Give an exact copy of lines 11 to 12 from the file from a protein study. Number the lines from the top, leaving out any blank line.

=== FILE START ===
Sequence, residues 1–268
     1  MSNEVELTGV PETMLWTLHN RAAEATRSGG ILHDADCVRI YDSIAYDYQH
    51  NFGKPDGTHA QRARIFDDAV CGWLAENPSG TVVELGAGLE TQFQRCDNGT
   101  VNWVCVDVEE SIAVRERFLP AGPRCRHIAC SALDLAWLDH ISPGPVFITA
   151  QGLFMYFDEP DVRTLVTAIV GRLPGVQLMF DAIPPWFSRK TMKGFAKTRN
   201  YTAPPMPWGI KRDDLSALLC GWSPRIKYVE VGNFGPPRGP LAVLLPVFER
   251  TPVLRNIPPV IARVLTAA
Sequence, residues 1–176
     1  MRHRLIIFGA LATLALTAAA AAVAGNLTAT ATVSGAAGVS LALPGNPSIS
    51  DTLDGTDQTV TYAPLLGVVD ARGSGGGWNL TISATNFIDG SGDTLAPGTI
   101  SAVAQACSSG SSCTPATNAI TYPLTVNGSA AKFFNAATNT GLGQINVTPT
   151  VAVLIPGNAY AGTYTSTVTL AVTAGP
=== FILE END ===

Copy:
   101  SAVAQACSSG SSCTPATNAI TYPLTVNGSA AKFFNAATNT GLGQINVTPT
   151  VAVLIPGNAY AGTYTSTVTL AVTAGP